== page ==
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Solar Power

3803 Views 8 Replies 6 Participants Last post by  happiestcamper
Okay I have some Solar questions. We have a 29 foot tt and would like to do more dry camping as most electrical site in PP are full or are too far out. We recently went to Bon Echo which is our favorite place to camp, Anyways we needed to use a generator as the battery would only last 24hrs. That is without using lights. Only water pump and of course the stereo clock always stays on as I can't find the fuse and the fridge uses power for a fan and electric monitoring. So does anyone use solar to recharge batteries?? If so what size for a 12V deep cell. Anything i should avoid???

Any help would be great!
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24 hours? Your battery must be bad, unless you're running all kinds of fans.

Anything with a motor in it will drain the battery quickly - water pump, fans, vcrs or dvds, etc. Things like lights and stereo aren't that hard on them. Make sure your water pump isn't set too high - each additional PSI it has to get to takes it toll.

I have two 6 volt batteries in series (the hot wire goes to one battery, the ground to the other, then a wire connecting the remaining + to -). They are both 270 amp hours (I think, been awhile since I bought them). You can also hook up more than one 12 volt in parallel (you hook all the + together and all the - together). If you are planning to use more than one battery, it is important to get the exact same kind at the exact same time - do not mix old and new batteries. Be sure they are all deep cycle (don't make the mistake of getting cranking or combo cranking/deep cycle, get deep cycle only).

Take care of your batteries when you are at home. At least once a month, be sure they get charged, and be sure the charger will gear itself down to a trickle charge as needed. You didn't state the age of your trailer - if it's older than 5 years or so it may not change to trickle charge as necessary, so if you leave it plugged in, it can boil your batteries - that's even worse than letting them lose all their charge and sit for awhile.

My favorite place doesn't have electric, so I use solar. It's kind of shady there, so I am not at my most efficient. I try to get one of their sunnier sites. I have two 60 watt panels. I have those connected in parallel, and hooked up to a 30 amp charge controller. We just did a week there without running out - though since we weren't getting many hours of sunlight, they weren't at peak at the end, but still functional. As a backup, I bring along the 12 volt that came with the camper, just in case. Anyway, what I do is my first day there, I try to aim the panels directly at the sun around noon or 1:00. You want to make sure that when you use them, that they are in the sun, not partially blocked by shade. A panel not in the sun will try to draw power back if it can - so two or more hooked up don't work too well if one is in the shade (that is another function of the charge controller - not only to change to trickle charge as needed, but to also prevent the panels from drawing from the battery at night).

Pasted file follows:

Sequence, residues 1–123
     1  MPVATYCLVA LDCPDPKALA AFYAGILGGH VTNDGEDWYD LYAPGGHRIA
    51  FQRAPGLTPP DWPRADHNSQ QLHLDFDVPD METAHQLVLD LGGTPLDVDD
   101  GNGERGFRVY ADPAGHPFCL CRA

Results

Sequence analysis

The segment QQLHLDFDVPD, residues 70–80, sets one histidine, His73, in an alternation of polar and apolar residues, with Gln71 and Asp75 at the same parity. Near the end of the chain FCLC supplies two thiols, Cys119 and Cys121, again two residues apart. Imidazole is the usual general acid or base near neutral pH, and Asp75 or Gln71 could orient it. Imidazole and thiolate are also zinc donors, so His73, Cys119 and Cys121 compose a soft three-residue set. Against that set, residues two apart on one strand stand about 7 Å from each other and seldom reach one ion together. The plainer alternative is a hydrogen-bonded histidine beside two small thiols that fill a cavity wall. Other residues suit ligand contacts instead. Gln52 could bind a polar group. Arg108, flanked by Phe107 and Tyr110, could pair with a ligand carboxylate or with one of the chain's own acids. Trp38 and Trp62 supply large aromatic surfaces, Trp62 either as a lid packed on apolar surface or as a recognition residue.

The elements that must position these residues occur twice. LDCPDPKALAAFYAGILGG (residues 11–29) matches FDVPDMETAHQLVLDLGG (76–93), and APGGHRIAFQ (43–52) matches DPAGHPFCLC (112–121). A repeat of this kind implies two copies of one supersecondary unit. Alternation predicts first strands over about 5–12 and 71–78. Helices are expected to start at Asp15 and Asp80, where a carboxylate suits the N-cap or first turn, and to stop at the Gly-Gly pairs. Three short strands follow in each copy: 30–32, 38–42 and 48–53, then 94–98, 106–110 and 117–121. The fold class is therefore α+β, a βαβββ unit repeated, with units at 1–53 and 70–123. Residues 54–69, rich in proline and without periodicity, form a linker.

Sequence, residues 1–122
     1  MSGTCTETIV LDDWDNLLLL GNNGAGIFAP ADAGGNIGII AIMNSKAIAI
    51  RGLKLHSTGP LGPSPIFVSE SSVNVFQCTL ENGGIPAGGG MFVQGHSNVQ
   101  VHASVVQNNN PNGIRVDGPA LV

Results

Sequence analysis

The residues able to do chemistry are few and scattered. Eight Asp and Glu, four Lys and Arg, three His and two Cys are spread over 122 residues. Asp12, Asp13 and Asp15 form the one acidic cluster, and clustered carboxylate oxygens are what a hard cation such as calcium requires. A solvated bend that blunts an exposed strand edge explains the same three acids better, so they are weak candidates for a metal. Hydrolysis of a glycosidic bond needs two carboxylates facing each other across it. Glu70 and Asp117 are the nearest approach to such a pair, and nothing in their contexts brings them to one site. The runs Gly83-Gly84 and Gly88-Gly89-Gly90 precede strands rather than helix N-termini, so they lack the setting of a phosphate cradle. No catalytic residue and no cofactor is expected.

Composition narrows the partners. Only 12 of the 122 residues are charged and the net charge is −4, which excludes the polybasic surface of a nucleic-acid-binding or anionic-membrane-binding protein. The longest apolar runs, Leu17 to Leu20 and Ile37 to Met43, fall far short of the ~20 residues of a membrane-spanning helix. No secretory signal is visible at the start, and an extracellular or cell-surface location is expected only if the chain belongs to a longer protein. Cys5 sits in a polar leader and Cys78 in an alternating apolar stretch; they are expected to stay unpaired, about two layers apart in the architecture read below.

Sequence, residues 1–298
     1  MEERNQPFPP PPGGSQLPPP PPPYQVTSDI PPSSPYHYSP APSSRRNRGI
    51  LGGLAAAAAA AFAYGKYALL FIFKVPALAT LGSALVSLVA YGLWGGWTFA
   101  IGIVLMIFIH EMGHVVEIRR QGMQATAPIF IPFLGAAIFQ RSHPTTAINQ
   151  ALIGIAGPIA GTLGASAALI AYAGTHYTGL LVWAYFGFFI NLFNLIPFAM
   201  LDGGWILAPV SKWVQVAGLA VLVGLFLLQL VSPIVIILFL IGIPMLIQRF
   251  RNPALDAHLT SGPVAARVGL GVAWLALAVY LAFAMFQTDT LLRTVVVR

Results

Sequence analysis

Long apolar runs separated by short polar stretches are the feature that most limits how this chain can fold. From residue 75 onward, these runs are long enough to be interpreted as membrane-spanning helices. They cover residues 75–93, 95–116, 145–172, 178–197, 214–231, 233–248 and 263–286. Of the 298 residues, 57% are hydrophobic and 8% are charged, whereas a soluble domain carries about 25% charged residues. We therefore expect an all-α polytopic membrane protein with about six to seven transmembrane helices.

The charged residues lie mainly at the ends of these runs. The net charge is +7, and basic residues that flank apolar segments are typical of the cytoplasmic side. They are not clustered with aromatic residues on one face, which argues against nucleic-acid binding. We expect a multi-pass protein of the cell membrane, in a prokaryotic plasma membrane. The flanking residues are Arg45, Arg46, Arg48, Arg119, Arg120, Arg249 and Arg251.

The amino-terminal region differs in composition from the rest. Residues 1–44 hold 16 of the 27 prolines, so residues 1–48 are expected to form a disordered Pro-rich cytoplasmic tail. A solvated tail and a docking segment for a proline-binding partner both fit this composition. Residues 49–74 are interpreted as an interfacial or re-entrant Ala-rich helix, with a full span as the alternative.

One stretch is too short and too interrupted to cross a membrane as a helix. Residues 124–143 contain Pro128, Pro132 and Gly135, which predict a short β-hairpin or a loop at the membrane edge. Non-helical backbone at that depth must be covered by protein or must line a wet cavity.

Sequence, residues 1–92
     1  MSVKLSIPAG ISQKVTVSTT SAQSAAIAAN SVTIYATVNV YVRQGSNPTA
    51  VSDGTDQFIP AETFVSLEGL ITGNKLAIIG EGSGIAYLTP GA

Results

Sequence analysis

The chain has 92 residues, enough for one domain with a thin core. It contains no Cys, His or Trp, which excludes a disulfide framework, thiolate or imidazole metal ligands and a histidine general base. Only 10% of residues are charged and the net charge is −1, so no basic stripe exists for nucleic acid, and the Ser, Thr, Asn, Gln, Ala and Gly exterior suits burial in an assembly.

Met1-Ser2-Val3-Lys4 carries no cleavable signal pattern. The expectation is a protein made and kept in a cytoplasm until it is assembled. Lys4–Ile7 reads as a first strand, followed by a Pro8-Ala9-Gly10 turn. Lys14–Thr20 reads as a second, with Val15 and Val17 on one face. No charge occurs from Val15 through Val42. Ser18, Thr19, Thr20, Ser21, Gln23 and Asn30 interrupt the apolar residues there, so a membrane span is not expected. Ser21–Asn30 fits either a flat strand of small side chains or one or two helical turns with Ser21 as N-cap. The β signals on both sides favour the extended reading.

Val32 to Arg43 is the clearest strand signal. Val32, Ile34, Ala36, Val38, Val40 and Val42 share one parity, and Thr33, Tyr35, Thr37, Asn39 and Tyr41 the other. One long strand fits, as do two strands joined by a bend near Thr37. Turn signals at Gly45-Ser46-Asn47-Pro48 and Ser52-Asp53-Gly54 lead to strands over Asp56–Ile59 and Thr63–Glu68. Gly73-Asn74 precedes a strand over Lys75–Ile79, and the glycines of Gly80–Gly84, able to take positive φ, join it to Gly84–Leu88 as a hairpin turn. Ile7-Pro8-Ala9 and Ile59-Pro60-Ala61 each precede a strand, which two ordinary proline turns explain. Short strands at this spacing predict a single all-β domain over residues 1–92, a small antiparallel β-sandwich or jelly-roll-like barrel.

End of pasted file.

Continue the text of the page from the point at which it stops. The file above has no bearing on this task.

Hope this helps - again, your battery should last more than 24 hours even without solar.
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My Trailer is a 2011 Passport 2910BH, The battery however is off our previous trailer and is in its 3rd season. I will be taking it this week for a load test.

What size of panels do you recommend ? i.e Watts!!!
That's a great worksheet thanks for posting that :thumbup1: :10001:
thanks happiestcamper for the the pdf file, great link as it makes such great sense

Great worksheet! I have been using a 12 watt solar panel simply to keep my engine battery charged after the alternator died. And I'm happy to report that it did a wonderful job. I always thought solar could be no alternative to a generator, but with led lighting and new energy efficient appliances, it's worth another look.
First you need to figure your wattage use through out the day. For a point here you go.

Say you use 2kwatts during the day so you have
2kwatt hours of energy used.
Say you have 200watts worth of panels it would take 10hrs worth of direct sunlight to recharge the batteries.

So you used
2kw's in a day and only have 200watts worth of energy production per hour.

At most you have 6hrs of sunlight worth of energy so be safe and say 5hrs at 5hrs 200watts worth of panels MIGHT make 1kw leaving you 1kw short to recharge your batteries.

So for 2kw's worth of energy being used during the day and at night you need at least 400 watts of power generation during the day. Assuming 5hrs of good usable sunlight.
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Just wonder why it has battery even though it is running because of the solar power?
Battery(ies) store the excess solar power to be used when solar is not available - cloudy conditions, night time, etc. :icon_smile_sun:
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